Yorkshire has the highest infection rate in the country

People in Yorkshire and the Humber are being urged to stick to the Covid-19 restrictions as the region has the highest infection rate in England.

A painted message in Selby which urges people to maintain social distancing
A painted message in Selby which urges people to maintain social distancing

On May 6, the infection rate stood at 44.1 cases per 100,000 people, after 2,428 new cases were recorded over a seven-day period.

The government figures also showed that five of the 10 areas with the highest infection rates in the country are in Yorkshire They are Barnsley (63.2), Doncaster (63.2), Wakefield (60.6), Kirklees (55.3) and Bradford (50.9).

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Colin Angus, a senior research fellow at the University of Sheffield who analyses the data, said it is not clear why Yorkshire still has the highest infection rate.

Pupils at a school in Yorkshire wear facemasks

Public health experts say areas that have high levels of deprivation or large numbers of people who need to leave the house regularly for work, use public transport or live in houses of multiple occupation tend to record more cases.

“These are all, these are all contributing factors, but something that's a bit puzzling is that all of these factors are also present in other parts of the North, such as Liverpool," said Mr Angus.

“It was one of the worst places in the country for infection rates for a very long time, but it's actually been doing great recently.

“On a small timescale, you get outbreaks and you can say case rates are higher over here at the moment because there's been an outbreak, but that's not what's going on here.

“This isn't about small like local outbreaks, this is about case rates, just being really stubborn about coming down.”

Dr Mike Gent, Public Health England Deputy Director for Yorkshire and the Humber, said there has been a significant drop in the number of Covid-19 cases and hospital admissions in recent months but urged people “not be complacent and continue to follow the guidelines”.

“The virus hasn’t gone away and we know has the potential to return,” he said.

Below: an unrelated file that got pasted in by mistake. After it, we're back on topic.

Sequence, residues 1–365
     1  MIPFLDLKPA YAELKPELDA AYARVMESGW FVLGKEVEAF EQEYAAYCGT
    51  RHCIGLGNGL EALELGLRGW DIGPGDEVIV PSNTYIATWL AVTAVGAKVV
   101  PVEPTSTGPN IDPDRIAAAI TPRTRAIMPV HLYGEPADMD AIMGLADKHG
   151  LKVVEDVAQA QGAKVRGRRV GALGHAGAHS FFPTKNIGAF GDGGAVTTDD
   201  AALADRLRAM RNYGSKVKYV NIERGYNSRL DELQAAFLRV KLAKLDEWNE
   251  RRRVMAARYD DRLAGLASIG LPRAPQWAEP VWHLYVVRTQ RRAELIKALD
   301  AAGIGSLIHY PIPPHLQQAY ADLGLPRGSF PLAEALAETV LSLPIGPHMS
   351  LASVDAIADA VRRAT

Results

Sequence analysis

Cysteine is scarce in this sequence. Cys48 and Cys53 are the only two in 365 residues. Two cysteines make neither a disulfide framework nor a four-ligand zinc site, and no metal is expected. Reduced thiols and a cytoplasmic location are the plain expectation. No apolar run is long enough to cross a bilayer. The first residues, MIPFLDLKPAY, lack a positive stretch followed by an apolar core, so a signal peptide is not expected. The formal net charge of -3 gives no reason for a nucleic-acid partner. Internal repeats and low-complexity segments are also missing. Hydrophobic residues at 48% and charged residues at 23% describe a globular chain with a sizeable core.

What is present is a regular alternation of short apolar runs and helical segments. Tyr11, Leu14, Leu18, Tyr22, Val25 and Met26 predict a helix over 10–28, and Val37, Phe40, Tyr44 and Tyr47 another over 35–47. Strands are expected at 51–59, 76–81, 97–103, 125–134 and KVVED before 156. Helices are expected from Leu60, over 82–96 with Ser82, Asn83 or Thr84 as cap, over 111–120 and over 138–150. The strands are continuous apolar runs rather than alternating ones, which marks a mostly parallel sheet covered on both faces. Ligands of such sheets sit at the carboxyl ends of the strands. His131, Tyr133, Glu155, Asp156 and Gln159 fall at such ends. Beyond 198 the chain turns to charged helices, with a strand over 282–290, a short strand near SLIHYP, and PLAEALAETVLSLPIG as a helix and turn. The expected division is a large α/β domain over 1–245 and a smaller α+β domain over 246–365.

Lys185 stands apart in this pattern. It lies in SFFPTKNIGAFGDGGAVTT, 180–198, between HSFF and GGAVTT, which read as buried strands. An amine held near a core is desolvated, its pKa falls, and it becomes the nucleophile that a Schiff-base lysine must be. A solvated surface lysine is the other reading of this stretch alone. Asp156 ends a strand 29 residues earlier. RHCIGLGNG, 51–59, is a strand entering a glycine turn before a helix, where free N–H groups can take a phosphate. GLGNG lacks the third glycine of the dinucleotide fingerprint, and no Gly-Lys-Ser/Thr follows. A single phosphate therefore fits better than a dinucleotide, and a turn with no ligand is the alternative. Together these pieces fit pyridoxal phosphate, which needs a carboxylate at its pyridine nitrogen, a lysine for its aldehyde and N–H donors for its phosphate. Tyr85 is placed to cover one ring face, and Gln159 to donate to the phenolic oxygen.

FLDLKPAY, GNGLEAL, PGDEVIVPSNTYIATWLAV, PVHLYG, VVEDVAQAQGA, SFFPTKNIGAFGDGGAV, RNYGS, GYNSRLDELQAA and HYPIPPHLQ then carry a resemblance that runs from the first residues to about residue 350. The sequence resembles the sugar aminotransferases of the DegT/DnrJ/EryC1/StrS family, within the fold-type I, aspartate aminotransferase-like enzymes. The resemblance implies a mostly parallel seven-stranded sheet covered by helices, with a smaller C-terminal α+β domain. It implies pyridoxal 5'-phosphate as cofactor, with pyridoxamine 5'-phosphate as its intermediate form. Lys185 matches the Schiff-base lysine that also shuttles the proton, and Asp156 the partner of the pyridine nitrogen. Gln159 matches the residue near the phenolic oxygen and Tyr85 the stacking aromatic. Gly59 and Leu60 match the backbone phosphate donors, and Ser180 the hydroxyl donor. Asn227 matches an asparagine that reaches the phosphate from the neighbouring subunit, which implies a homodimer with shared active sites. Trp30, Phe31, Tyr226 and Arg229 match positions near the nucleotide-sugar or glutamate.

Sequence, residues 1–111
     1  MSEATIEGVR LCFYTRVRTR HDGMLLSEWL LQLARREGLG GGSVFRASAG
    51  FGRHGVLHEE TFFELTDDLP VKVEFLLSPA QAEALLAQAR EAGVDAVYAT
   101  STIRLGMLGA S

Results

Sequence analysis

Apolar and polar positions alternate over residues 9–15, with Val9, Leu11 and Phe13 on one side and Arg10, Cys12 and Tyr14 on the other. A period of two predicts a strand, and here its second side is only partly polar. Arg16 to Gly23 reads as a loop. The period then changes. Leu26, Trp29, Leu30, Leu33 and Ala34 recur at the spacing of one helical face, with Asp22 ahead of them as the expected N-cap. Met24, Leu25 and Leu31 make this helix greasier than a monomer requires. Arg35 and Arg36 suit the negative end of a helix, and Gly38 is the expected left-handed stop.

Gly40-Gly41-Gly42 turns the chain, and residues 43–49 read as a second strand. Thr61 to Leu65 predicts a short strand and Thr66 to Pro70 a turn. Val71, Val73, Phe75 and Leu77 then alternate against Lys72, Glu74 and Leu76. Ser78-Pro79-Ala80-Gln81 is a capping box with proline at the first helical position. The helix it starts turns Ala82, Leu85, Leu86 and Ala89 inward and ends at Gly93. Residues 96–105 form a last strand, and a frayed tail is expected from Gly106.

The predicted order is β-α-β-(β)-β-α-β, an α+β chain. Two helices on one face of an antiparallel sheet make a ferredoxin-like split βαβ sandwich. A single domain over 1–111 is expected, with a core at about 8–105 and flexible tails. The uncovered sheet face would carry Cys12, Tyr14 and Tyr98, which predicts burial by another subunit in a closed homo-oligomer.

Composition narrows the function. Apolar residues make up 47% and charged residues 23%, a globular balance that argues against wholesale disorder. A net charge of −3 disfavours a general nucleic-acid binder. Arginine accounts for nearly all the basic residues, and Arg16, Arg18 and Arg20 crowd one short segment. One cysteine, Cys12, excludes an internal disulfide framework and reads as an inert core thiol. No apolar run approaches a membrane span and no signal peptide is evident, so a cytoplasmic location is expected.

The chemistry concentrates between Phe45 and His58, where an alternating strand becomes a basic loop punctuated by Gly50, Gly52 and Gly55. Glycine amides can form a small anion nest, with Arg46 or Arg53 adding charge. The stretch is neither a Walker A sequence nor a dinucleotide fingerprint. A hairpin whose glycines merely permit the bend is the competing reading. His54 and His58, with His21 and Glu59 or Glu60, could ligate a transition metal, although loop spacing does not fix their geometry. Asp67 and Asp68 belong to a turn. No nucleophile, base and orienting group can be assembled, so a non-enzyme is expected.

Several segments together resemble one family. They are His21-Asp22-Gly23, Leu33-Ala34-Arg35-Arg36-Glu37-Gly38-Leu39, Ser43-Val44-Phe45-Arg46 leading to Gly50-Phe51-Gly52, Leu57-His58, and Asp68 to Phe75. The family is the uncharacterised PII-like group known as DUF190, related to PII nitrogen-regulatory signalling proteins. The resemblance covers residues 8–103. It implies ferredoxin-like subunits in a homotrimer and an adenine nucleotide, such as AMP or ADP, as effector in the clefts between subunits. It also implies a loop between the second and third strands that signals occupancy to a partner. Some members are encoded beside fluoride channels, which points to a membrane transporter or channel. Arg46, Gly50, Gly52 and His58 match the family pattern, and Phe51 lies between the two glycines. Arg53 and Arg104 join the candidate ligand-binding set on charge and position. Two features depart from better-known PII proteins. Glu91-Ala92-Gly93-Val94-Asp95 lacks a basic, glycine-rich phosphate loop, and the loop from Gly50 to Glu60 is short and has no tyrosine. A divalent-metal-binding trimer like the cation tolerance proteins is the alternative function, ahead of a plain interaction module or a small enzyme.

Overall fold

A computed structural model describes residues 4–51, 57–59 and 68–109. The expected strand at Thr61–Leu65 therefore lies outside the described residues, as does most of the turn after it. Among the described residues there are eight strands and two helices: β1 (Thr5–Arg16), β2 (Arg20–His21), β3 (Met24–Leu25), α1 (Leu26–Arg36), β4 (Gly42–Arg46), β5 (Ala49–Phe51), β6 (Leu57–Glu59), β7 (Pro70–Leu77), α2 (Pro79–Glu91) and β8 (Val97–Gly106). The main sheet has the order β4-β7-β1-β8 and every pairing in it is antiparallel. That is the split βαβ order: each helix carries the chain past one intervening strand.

“There is evidence Covid-19 doesn’t affect all population groups equally, with some areas having higher rates of infection than others.

“Some population groups appear more likely to experience severe disease and require hospitalisation.

“From what we can tell, different patterns of infection may partly reflect factors such as occupation, population density, use of public transport, household composition and housing conditions, as well as employment in work which does not allow either working from home or easy following of social distancing.

“It is important to remember, that although vaccination provides good protection, it isn’t a 100 per cent guarantee you won’t get the virus or spread it.

“We still need to keep social distancing, wearing our masks and washing our hands to stop the infection and bring down the numbers of people infected.

“We’re making good progress, but we aren’t done yet.”

Another 2,613 people in the UK tested positive for the virus on May 5, taking the total number of confirmed cases recorded during the pandemic to 4,428,553.

Government figures also show 127,583 people have died within 28 days of testing positive for the virus.

However, 34,934,171 people have now received at least one dose of a Covid-19 vaccine and 16,291,719 have had two.

In Yorkshire 2,725,298 people had received one dose by May 2 and 1,325,624 had received two, according to the latest NHS figures.